After inquiry the learned President of the Labour Tribunal by his orderP1 dated 30.12.76 directed the accused-appellant to pay a total sumof Rs. 14,560/- is lieu of reinstatement. This amount was to bedeposited with the Assistant Commissioner of Labour, ColomboSouth, on or before 31.01.77, which was not done.
On behalf of the accused-appellant I.K. Wimaladasa (Personnel andWelfare Officer of the National Lotteries Board) gave evidence andproduced documents marked D1 to D5.
Briefly the position taken up by the accused-appellant before theMagistrate at the trial was that in 1977 there was a change ofGovernment and Fernando had made an application for re-employment. On a directive from the Minister of Labour, Fernandowas re-employed from 12.09.77 at a starting salary of Rs. 760/-.Fernando had also made an application to the Political VictimizationCommittee appointed by the Government, which Committee orderedthe payment of Rs. 18,931/67 to him as compensation, which amounthad been paid to him by the accused appellant and accepted byhim. Fernando had also agreed in writing to withdraw his applicationbefore the Labour Tribunal. These facts were unchallenged and notin dispute. Therefore it was contended on behalf of the accused-appellant that there was no "mens rea" and that the accused-appellant believed in good faith there was no necessity to complywith the order.
After trial the learned Magistrate held that the payment of Rs. 18,961/67 does not mean that the accused-appellant has complied with theorder of the Labour Tribunal and found the accused-appellant guiltyand ordered it to pay Rs. 14,560/- as compensation and a furthersum of Rs. 500/- as a fine, from which order this appeal has beenfiled.
At the hearing Mr. Joseph for the accused-appellant submitted thatsection 31(B)(6)(c) of the Industrial Disputes Act provides for
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(1991) 1 Sri L.R.
compensation as an alternative to dismissal and that in this caseFernando has received both benefits by other means. He submittedthat in these circumstances the accused-appellant was justified bylaw in not complying with the Labour Tribunal order as Fernando hasbeen given all the reliefs he had claimed. Mr. Joseph also citedsection 47.A of the Act which states that any contract or agreementwhereby any right conferred on any worker by a Labour Tribunal isin any way affected or modified to his detriment shall be null andvoid to that extent. He submitted that in this case Fernando had beenre-employed on a higher salary and also been paid Rs. 18,931/67by the time the accused-appellant was charged in the Magistrate'sCourt and his rights had not been adversely affected in any way.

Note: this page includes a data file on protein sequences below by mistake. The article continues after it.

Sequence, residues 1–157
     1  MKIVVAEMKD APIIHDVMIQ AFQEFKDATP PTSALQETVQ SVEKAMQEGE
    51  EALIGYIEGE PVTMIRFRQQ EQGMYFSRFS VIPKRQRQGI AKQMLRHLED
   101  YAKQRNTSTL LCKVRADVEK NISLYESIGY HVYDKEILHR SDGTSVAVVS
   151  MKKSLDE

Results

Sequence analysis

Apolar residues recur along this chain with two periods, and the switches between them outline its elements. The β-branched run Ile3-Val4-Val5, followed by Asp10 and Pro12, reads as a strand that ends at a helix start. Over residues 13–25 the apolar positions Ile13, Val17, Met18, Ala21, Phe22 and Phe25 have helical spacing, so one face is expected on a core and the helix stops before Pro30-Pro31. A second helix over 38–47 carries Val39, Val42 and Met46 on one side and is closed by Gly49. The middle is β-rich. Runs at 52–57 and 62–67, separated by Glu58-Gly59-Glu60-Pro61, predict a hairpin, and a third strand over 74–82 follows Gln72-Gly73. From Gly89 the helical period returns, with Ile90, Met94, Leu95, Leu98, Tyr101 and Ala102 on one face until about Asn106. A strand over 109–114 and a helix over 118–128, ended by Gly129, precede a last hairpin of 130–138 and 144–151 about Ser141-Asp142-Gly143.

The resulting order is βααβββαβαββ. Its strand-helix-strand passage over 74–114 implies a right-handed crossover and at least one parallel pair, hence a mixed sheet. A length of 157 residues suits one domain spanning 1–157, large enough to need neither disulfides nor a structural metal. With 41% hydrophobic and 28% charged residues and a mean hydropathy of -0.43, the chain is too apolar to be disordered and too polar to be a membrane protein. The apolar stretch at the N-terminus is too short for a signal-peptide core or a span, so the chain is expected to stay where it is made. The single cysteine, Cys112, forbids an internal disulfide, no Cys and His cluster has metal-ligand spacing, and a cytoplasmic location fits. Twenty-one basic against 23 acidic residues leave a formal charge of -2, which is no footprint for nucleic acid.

Mr. Ladduwahetty, State Counsel, on the other hand submitted thatthese two matters are not connected to each other and they aredifferent matters.
I have considered the submissions of learned counsel on both sides.In this case Fernando had not only been reinstated but he had alsobeen compensated in Rs. 18,931/67 by the accused-appellant, whichwas in excess of the relief awarded by the Labour Tribunal. Underthese circumstances I am of the view that section 72 of the PenalCode is applicable. Section 72 of the Penal Code states that nothingis an offence which is done by any person who is justified by law.
In this case I am of the view that under these circumstances theaccused-appellant was justified in law in not complying with the orderof the Labour Tribunal and not paying the amount of Rs. 14,560/-to Fernando as he had already received the sum of Rs. 18,960/67from the accused-appellant and also been reinstated at a highersalary. In these circumstances it cannot be said that the accused-appellant failed to comply with the order of the Labour Tribunal.
I therefore set aside the conviction and sentence and the accused-appellant is acquitted and discharged of the charge.
I wish to stress that the law requires everyone to comply with anorder of a Labour Tribunal. This is a unique case where by anunusual combination of circumstances the workman (Fernando)obtained more than the relief he had claimed in the Labour Tribunal
Ibrahim V. Nadarajah
by other means. Thereby the accused-appellant indirectly complied withthe order of the Labour Tribunal.
Conviction and sentence set aside.